Users find websites for a variety of reasons. For the most part they are on your site to accomplish a goal. Maybe it is to find a product, learn something or download something. I can almost guarantee that they are not there to be confused and overwhelmed by information. I believe that far too many sites are much too complex and confusing for users. This happens for a variety of reasons. We hear from companies all the time how they need to provide vast amounts of information and that almost all of this needs to be accessible from the homepage. Not just on the homepage, but “above the fold.” The result of this becomes as overly complex and overly crowded mess of a site where the user is so overwhelmed by the shear quantity of choices that they simply choose to leave. As with the following example, Continental attempts to give the user access to just about everything they would want to do. As a result the user is overwhelmed and confused.
One reason for this is that there is a general sense of fear that if something is visible on the homepage, that users will not find it. Another is the use of analytics and tools that measure how far users scroll down a page which perpetuates this fear. The flaw I find in this data is that it typically includes all visitors to the site. Anyone who had ever looked at website analytics knows that a site gets a lot of very unqualified traffic from search engines. The behavior of this unqualified traffic can overwhelm and mask the behavior of users who actually intended to be on your site and have a task to accomplish. These users behave very differently and will be more likely to go a few pages deep into the site to complete their task. Target is an example of a site with a ton of content, yet they keep the content on the homepage focused to a primary goal. This makes the experience for the user much less intimidating and invites the user to explore further.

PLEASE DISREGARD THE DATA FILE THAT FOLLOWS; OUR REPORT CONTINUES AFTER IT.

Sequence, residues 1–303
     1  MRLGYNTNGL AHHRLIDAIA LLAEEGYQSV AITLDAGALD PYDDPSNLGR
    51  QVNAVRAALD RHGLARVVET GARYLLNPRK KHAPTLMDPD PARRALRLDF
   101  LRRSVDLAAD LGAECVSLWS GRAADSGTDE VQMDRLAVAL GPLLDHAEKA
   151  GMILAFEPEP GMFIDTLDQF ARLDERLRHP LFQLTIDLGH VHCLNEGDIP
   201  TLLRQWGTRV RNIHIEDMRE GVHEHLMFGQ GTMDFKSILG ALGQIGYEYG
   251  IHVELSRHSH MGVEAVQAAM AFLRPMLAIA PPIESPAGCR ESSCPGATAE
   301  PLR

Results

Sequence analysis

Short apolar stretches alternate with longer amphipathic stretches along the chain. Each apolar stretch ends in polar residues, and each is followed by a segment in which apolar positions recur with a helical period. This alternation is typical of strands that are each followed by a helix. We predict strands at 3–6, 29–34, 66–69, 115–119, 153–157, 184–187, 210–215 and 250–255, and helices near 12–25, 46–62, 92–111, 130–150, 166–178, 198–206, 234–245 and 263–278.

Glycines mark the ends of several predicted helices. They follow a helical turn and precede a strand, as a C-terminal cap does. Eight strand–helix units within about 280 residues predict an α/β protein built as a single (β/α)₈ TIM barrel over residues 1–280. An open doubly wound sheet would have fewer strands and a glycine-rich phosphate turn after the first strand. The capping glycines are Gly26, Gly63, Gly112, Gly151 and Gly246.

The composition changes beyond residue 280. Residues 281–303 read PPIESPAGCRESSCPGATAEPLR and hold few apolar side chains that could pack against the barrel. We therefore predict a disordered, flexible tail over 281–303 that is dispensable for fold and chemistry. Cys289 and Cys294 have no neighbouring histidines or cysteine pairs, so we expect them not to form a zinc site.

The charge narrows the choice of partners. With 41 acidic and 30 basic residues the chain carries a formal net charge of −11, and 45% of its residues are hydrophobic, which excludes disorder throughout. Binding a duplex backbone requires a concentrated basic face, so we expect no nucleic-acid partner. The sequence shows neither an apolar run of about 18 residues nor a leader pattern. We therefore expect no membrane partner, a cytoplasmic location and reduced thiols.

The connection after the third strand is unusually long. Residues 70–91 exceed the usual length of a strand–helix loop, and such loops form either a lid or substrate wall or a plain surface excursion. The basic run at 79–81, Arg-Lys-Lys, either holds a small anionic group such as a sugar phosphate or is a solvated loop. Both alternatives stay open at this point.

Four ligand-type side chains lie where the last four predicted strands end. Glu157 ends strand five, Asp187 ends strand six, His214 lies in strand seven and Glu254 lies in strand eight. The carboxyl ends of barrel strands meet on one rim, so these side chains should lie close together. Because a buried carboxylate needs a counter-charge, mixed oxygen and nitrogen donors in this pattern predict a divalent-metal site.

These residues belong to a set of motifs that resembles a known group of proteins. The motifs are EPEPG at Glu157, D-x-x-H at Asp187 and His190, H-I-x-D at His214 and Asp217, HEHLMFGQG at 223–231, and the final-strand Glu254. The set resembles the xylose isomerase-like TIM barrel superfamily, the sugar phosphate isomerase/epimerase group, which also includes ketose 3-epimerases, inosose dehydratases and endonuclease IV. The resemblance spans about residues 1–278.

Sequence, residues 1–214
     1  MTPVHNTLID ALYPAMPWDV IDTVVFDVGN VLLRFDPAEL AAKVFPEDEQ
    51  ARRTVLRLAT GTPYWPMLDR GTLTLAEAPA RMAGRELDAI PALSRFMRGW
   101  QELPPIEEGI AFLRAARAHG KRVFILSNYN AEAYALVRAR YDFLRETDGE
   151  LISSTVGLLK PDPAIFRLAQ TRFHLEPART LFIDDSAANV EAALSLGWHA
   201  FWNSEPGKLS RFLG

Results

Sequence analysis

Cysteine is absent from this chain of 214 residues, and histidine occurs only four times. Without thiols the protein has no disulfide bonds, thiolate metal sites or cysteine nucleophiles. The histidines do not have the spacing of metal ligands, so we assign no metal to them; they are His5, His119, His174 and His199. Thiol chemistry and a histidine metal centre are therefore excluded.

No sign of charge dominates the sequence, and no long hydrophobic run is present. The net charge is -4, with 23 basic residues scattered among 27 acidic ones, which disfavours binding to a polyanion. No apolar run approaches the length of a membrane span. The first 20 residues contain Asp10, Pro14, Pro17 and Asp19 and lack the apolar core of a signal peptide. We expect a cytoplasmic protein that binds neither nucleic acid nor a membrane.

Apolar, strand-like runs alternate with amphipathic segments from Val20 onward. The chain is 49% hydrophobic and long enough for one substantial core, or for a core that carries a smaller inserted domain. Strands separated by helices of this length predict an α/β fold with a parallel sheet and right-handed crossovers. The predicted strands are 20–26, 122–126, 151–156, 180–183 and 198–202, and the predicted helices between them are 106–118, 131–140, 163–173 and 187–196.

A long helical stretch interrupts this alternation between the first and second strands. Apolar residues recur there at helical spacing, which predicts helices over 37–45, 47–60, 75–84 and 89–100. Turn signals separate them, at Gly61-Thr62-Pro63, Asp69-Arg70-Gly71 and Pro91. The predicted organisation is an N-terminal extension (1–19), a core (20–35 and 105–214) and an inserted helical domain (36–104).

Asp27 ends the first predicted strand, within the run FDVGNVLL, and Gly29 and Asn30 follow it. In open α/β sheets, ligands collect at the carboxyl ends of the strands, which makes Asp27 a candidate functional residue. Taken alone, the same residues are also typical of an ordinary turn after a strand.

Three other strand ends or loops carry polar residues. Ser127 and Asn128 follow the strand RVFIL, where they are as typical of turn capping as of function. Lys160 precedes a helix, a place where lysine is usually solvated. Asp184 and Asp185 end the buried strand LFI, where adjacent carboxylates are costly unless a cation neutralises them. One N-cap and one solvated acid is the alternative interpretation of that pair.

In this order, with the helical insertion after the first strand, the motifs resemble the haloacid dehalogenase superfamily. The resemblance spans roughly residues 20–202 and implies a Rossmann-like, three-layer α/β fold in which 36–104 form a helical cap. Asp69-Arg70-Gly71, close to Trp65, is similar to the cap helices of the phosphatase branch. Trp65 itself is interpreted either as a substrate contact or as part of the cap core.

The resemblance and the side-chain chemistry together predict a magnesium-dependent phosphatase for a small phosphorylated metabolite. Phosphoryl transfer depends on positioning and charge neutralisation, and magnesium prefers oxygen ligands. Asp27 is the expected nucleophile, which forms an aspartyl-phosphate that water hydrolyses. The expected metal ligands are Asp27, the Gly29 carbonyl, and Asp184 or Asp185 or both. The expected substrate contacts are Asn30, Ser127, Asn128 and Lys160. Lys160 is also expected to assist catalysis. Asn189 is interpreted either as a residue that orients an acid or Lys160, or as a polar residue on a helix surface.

What these qualified users need is a simple experience that gives them clear information that is focused on the primary goals of the site and doesn’t try to do everything at once. One of the reasons that mobile apps are so popular is their simplicity. They are typically focused on a simple set of functions and they rarely require much of a learning curve. People are easily overwhelmed by a plethora of options, so give them the simplicity that they seek. Think about the objectives of your site and distill them down to just a few. Give those objectives the attention that they deserve and you will greatly increase your chances of accomplishing them. The secondary objectives can be pushed lover on the page or deeper in the site. A motived user will find them, especially if they are intrigued by the site and weren’t scared off by an overly complex page. This site for Billings is a great example of reducing choices for the user, and focusing on the primary goals of the page.
Users make decisions about your company within a few seconds of landing on the page. Do you want to have that impression to be one of confusion or would you rather communicate a clear and simple message that will intrigue a user and draw them into the site? So when planning a site, think about the objectives of the site, and then prioritize those objectives. If the site could do only one thing, what would that be?